The former first lady and senator, seen by some as lacking empathy, experienced a boost in popularity in early 2008 when she teared up on the campaign trail.

Still, women are less likely to run then men. Lawless attributes the gap in part to perceptions about the system.

Of Maryland’s ten representatives in Congress, only two are women: Mikulski and Rep. Donna Edwards of Prince George’s County. That share — 20 percent — is about average; women make up 19.4 percent of Congress.

But several women in the state point to a burgeoning farm team, and a coordinated effort — influenced by Mikulski — to change the numbers. Women are increasingly running for state and local office, they say. Baltimore Mayor Stephanie Rawlings-Blake is the second woman in a row to hold that job. And the state ranks seventh in the nation in the number of women serving in the legislature, according to the Center for American Women and Politics.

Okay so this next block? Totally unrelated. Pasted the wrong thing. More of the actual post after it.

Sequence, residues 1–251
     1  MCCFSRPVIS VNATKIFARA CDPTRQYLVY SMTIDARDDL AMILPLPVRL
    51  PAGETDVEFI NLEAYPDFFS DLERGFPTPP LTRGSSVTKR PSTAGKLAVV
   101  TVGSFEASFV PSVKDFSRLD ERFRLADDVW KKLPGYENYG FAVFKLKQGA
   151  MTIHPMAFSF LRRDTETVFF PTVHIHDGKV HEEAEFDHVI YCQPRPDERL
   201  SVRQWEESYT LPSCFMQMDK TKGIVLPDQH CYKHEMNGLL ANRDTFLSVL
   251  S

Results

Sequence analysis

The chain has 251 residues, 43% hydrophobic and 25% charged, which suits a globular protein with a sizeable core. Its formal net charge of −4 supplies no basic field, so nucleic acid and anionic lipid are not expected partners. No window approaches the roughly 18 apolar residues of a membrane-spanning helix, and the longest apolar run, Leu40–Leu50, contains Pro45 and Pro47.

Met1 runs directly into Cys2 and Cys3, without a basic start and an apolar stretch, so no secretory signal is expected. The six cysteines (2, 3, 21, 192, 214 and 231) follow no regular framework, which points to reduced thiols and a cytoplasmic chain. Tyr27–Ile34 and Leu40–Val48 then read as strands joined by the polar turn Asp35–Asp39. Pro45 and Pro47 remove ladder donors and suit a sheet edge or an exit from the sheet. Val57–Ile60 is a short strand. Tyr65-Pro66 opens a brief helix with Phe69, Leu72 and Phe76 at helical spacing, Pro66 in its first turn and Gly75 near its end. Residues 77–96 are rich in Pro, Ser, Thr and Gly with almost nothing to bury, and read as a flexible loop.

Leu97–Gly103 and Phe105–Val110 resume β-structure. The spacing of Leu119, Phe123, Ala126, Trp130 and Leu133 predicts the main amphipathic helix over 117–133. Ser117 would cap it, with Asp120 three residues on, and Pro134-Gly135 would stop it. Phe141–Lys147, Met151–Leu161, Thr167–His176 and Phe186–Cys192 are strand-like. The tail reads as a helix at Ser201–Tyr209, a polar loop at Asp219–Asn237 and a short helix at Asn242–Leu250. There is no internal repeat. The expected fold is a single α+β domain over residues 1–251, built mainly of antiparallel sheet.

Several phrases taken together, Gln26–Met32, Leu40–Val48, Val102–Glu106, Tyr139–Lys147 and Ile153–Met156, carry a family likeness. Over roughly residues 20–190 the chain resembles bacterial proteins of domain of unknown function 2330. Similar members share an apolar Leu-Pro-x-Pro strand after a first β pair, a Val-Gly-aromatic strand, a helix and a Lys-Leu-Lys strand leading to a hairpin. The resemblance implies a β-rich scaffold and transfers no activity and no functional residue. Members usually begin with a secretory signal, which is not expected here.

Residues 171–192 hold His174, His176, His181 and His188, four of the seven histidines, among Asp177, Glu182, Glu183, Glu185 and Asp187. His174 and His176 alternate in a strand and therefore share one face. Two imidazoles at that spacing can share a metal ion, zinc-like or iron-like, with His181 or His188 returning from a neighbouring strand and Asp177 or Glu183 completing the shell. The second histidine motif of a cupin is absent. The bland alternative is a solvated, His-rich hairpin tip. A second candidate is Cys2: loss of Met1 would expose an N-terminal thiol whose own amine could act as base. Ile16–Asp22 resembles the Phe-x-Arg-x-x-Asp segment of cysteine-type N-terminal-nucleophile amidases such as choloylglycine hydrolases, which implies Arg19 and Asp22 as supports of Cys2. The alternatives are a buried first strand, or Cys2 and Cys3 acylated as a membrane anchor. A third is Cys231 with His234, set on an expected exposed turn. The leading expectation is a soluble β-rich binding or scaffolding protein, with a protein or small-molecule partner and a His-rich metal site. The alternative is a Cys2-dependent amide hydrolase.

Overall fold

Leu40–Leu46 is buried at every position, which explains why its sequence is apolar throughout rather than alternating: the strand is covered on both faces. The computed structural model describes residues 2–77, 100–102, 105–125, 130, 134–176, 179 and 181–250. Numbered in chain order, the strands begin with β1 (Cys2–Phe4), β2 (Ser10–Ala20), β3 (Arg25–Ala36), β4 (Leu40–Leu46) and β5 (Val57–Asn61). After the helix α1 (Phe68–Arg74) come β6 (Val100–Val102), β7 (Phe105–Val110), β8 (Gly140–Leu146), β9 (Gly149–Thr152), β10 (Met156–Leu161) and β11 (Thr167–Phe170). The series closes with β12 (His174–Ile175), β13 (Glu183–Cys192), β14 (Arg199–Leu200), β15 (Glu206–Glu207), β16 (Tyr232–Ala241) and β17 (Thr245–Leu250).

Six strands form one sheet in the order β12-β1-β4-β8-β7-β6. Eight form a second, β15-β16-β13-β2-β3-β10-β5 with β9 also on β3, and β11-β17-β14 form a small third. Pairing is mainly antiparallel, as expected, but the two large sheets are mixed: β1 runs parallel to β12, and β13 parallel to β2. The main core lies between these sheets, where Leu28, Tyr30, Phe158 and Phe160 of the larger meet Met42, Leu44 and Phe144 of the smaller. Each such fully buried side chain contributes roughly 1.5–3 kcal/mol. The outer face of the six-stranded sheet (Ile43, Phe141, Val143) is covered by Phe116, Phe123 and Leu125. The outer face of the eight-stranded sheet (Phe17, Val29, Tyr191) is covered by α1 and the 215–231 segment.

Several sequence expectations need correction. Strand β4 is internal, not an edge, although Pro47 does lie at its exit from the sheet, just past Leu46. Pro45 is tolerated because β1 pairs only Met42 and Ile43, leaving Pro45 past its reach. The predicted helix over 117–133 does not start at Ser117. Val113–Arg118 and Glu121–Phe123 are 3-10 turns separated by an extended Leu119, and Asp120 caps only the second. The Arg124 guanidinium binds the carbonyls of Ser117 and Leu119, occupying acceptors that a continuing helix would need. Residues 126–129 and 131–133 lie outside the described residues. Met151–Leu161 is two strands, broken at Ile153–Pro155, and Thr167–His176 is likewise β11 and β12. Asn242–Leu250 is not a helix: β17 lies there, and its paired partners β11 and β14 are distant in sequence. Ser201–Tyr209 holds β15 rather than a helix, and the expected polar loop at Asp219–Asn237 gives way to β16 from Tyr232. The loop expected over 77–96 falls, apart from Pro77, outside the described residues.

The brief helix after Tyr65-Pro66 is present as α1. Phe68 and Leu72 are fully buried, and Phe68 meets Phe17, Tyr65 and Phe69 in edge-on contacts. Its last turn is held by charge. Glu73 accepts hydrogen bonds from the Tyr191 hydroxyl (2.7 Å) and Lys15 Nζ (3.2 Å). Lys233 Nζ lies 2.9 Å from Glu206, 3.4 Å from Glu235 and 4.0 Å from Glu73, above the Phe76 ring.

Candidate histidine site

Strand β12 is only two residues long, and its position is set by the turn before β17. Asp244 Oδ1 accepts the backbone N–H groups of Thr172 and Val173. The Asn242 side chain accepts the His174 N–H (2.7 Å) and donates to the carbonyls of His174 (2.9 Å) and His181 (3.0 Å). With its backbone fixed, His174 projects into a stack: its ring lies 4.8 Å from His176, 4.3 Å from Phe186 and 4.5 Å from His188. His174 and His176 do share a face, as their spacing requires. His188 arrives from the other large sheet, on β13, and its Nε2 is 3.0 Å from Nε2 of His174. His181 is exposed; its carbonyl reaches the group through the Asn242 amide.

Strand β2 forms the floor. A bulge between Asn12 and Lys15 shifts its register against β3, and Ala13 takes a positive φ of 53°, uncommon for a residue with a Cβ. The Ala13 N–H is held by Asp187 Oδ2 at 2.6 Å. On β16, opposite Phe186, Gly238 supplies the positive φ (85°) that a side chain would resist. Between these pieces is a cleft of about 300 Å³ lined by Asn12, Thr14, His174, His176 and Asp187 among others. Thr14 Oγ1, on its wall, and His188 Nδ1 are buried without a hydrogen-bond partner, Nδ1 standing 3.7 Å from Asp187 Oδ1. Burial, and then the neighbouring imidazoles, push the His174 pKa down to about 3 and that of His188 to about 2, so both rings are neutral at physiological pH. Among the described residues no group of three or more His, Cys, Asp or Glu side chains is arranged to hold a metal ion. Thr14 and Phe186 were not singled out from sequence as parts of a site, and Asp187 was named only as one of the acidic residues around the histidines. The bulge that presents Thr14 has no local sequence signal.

“There is no reason to sit around wringing our hands thinking that it’s bad to be a woman in politics,” said Martha McKenna, a Democratic operative in Washington with deep ties to Maryland. “We’re laying the groundwork for something that’s going to be very significant.”

McKenna chairs a group called Emerge Maryland, launched in 2012 to encourage and train Democratic women to run for office.

She said Mikulski cut the group one of its first checks.

Another measure of progress is the number of women who could step up to try to replace Mikulski in the Senate. At